Kids aren’t going into technical trades anymore, at least not at the levels needed, and not with the proficiency in foundational skills they need to start off well.
I agree that the problem really does stretch back to at least the Reagan era – I entered junior high in 1981, and even then “the trades” in the form of shop classes were looked down upon. (And don’t get me started on the counterproductive-verging-on-malpractice “guidance counselor” advice I received urging me to go into social science instead of engineering.) While I abhor the straitjacket elements of the German educational/career system (the part about making your life’s career choice at thirteen and being stuck with it, in particular), they do seem to have the right idea in exposing students to industrial work early and in the intensive training in trades those with interest and inclination in them receive. Even the German engineers I’ve worked with have had what to me seems like an extensive trades-level education in relevant areas as part of their engineering program — it’s embarrassing to call myself an engineer around them, given that they typically have extensive hands-on experience with machining and lab work and the like that I somehow managed to obtain a BSME without. (Sadly, I have far more hands-on experience from my summer internship in Germany and my various at-home engineering projects than I obtained even in fifteen years of employment with Lockheed Martin.)
What the article seems to overlook (consciously or otherwise) is the reason for pushing more kids into college prep courses and then into college, regardless of inclination or ability: status consciousness.
As noted above, the trades path was looked down upon even in the early 1980s. It was considered low-class, something the poor or dumb kids did – the ones too dumb to get into the military, which career was held in similar low regard at that time. Those of us in the “gifted and talented”
sham track were most certainly conditioned to see ourselves as “better” than that, as destined for college and white-collardom, and therefore above getting our hands dirty with shop classes or candystriping or the like even if they might later enhance higher-status careers like engineering or medicine. And no doubt this was pushed on the parents as well – my hometown at that time was extremely status/class conscious, so imagine the horror of your average doctor or lawyer parent being told by a teacher that their brilliant little snowflake has an aptitude and potential interest in something as crude as a trade: “No, no, my little Johnny is going to college, to be a doctor/lawyer like me, or at least something white-collar or academic enough that I won’t be embarrassed when the boys at the Country Club ask about his career. Tradesman just won’t reflect well on my status at all.”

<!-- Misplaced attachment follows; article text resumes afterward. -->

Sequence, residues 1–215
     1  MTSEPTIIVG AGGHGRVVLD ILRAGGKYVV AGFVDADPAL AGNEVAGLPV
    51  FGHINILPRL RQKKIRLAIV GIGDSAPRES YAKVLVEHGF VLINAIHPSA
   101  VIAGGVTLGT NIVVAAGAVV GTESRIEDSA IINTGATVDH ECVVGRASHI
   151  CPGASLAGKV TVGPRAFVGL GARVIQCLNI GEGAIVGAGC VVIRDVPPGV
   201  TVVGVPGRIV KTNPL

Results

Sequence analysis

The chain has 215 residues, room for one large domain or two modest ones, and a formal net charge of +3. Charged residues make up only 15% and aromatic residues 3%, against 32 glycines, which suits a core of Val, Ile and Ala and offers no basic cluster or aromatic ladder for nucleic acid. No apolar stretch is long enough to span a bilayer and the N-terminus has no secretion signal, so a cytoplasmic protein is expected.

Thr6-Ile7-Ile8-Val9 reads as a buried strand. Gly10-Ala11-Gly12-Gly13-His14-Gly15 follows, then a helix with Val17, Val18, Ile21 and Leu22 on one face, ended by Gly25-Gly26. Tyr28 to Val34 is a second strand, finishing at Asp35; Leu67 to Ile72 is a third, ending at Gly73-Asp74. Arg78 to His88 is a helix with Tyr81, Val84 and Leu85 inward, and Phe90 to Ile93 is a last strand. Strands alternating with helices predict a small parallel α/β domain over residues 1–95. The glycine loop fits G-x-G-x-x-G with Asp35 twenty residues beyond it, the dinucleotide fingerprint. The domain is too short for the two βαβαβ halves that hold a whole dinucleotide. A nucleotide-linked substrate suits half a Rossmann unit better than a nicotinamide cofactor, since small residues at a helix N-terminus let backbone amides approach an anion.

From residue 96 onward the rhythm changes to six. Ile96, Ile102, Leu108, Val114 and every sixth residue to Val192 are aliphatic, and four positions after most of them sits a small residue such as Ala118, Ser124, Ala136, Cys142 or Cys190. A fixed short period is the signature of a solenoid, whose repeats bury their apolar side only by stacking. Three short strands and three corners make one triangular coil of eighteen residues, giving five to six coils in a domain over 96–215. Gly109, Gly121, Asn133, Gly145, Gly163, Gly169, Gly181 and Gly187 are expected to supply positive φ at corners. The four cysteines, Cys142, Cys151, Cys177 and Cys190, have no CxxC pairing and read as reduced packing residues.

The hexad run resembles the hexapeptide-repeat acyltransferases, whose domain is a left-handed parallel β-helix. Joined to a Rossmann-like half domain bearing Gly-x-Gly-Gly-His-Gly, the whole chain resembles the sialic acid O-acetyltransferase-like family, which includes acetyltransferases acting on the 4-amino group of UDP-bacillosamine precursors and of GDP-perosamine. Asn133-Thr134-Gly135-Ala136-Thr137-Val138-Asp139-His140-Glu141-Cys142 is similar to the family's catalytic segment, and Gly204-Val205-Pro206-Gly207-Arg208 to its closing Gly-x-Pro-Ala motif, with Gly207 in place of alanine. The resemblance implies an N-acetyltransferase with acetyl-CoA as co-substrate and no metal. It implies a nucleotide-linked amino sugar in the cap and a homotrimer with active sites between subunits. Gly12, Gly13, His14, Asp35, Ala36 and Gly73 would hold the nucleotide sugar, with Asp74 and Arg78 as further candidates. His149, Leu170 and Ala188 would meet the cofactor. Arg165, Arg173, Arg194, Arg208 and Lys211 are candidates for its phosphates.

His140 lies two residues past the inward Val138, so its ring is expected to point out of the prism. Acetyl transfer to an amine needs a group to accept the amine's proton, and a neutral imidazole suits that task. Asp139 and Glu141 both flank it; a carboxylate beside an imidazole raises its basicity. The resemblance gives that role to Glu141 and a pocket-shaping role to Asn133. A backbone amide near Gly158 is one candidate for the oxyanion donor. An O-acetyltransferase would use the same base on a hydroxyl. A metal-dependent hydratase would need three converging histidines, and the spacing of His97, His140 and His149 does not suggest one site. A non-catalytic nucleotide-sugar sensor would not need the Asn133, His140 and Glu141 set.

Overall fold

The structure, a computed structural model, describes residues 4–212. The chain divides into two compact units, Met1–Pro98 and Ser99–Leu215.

One essential element in turning this situation around needs to be a change in perspective on the economic status of trades. This seems to be happening, given the trend in articles over the past several years musing on how plumbers and electricians and the like are making good use of their scarcity to rake in white-collar-level incomes (on top of often being independent small businessmen, something that in itself should afford one a healthy economic status anyway). Once these SWPL parents realize that Johnny’s choice nowadays is between fixing plumbing, running wires, programming a CNC machine, etc. and making a decent and productive living at it, or putting both himself and them on the hook for tens of thousands of dollars of student loan debt to fund a college-level credential in a trendy niche subject whose job prospects consist exclusively of fast-food management, telephone customer service, stripping for truckers, or a futile chase after increasingly scarce Non-Hierarchical General Assembly Facilitator positions at what’s left of the local Occupy squat, they may find new competitive value among their status peers in aggressively pushing their kids in the former direction.
(Note that “Johnny” here is your average kid – many kids have certain aptitudes, for instance in STEM subjects, which make it economically worthwhile and personally rewarding to go on to college and then compete for comparatively scarce career positions. The problem is treating all kids like this by default, forcing them onto the white-collar college track when there are insufficient career positions to support such a policy and when they as individuals may have other – or no – inclinations and talents. It’s just as unfair to the “Johnnys” as it is to the kids with aptitude but fewer resources, who bear the opportunity cost of indifferent kids getting unwanted and unusable credential degrees instead of the useful educations the latter might have obtained in their place.)
Hat tip to Rand Simberg, who observes: “The entire educational establishment in this country is a disaster, from top to bottom.” Indeed.